First, tear out a large section of wax paper. Fold that in half, so that you will get two circles from one cut. Put that on top of whatever you're using to cut on (and if you use newspaper, please use a whole lot of it. I didn't and I messed up the tablecloth).

Next, place a circle onto the wax paper. Trace around it with the Xacto knife. Go slowly so that you do a neat job, and so that your Xacto knife doesn't slip. You might want to use some scotch tape and lightly tape the circle to the wax paper so that it doesn't move. I didn't though, and I held it in place just fine with my fingers.

Finally, remove your circles from the wax paper. Throw away the middle part, you won't need it.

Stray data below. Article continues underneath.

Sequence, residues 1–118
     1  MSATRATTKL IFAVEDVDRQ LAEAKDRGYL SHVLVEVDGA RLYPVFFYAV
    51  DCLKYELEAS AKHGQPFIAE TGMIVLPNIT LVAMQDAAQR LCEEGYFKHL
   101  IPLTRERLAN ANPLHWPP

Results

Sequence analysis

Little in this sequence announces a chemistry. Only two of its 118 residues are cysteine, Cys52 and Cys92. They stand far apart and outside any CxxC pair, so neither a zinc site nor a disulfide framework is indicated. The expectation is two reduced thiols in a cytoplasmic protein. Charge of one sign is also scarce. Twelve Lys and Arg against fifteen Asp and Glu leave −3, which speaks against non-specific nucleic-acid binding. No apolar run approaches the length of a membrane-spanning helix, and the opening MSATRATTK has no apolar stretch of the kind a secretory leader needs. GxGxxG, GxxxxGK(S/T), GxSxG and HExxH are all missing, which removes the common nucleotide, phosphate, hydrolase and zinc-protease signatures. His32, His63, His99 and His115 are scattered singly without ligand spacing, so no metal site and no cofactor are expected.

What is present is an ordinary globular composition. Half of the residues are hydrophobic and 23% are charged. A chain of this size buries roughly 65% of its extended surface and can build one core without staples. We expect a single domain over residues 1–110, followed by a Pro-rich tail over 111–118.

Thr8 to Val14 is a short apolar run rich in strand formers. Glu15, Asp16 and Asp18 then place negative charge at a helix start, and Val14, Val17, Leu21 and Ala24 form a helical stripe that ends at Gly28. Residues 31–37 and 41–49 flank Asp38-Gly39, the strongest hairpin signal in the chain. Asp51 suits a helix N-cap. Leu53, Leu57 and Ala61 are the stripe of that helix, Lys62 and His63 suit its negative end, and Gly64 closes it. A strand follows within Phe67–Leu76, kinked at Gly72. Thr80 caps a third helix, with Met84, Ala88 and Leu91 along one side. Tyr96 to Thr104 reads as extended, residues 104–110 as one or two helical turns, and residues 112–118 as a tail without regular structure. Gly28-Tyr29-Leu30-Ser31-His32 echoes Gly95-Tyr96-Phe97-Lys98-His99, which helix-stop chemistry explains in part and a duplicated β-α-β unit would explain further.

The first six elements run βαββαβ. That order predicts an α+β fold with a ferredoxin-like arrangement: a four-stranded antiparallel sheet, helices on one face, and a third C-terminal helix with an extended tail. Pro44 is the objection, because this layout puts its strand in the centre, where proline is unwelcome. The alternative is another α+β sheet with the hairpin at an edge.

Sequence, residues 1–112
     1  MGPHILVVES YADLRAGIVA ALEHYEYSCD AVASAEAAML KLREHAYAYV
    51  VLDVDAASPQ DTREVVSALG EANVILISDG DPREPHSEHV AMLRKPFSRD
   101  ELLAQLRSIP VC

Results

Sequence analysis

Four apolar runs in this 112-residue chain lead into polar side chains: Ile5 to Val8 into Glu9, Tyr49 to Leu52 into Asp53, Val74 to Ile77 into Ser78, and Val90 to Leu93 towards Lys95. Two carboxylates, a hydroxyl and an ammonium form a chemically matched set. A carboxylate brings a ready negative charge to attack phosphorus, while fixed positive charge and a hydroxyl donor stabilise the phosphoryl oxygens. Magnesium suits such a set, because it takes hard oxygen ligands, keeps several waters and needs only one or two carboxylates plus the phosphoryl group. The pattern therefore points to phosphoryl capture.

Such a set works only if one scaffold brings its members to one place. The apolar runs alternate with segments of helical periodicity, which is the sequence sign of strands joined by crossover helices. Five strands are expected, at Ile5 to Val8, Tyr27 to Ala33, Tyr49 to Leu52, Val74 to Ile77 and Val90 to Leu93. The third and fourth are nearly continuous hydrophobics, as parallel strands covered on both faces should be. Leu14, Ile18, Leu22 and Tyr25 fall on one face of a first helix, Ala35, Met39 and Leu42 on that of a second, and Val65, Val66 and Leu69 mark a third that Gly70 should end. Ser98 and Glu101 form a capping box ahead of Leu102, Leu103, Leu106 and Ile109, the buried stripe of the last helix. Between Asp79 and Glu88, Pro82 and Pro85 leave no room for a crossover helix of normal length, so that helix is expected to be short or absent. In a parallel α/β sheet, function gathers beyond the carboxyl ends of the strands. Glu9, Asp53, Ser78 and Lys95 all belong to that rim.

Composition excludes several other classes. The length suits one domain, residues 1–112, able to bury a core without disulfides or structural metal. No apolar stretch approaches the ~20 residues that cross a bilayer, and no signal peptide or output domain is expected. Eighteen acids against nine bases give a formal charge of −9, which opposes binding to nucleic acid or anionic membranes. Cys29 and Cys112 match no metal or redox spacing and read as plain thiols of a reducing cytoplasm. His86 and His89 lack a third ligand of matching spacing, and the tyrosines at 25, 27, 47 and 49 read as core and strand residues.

Step 6: Tidy Up Your Circles

I had a lot of jagged areas of my wax paper circles, so I cut those away with my Xacto knife. I also had some areas that needed to be smoothened out a bit, so I cut away some material to make them smooth.

Step 7: Put the Circles Into the Turntable Assembly

First, place a wax paper circle onto the turntable. Then, put a plastic circle over it. Then, put a wax paper circle over that, and finally put the remaining plastic circle over the wax paper circle.

Step 8: Reassemble the Controller, and Enjoy!

First, screw the turntable assembly back into the top of the controller. Next, screw the bottom back on. Finally, put your keys back in.

Enjoy your slippery and very sensitive turntable! The only side effect from this mod is that the turntable makes a slight "swish" sound when it is moved, but it's not that noticeable.



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    19 Discussions